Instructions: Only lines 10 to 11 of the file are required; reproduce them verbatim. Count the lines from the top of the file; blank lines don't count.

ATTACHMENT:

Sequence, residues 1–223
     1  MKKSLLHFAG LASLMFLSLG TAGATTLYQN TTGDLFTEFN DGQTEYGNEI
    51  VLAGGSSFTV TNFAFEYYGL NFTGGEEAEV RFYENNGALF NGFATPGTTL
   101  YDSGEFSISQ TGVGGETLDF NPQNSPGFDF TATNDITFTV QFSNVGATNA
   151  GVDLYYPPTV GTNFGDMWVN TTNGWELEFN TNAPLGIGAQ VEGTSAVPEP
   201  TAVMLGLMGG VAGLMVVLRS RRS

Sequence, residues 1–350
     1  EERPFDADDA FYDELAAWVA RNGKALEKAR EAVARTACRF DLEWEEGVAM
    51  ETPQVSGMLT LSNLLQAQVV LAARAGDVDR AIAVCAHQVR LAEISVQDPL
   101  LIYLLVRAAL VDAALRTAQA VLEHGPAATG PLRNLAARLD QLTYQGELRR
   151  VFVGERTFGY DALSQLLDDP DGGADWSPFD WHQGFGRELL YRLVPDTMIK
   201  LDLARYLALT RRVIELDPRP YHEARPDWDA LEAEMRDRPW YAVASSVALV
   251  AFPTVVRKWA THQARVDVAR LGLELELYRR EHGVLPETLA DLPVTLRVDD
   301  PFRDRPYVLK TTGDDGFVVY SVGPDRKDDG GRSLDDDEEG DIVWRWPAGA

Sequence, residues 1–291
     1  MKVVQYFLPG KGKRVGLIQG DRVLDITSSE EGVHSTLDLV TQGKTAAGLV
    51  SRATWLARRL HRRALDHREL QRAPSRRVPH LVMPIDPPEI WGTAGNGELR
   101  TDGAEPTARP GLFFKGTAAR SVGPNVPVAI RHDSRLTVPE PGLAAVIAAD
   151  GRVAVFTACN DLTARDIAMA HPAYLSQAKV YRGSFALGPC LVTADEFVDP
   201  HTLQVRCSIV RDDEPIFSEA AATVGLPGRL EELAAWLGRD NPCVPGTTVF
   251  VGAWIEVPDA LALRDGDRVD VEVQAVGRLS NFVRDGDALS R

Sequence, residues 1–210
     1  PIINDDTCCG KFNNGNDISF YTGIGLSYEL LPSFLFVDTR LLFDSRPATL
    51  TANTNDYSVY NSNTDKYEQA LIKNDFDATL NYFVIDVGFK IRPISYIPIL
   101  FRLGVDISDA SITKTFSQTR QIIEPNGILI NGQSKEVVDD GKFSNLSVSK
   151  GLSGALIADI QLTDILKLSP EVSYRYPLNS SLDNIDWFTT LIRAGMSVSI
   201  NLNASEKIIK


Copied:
   101  LIYLLVRAAL VDAALRTAQA VLEHGPAATG PLRNLAARLD QLTYQGELRR
   151  VFVGERTFGY DALSQLLDDP DGGADWSPFD WHQGFGRELL YRLVPDTMIK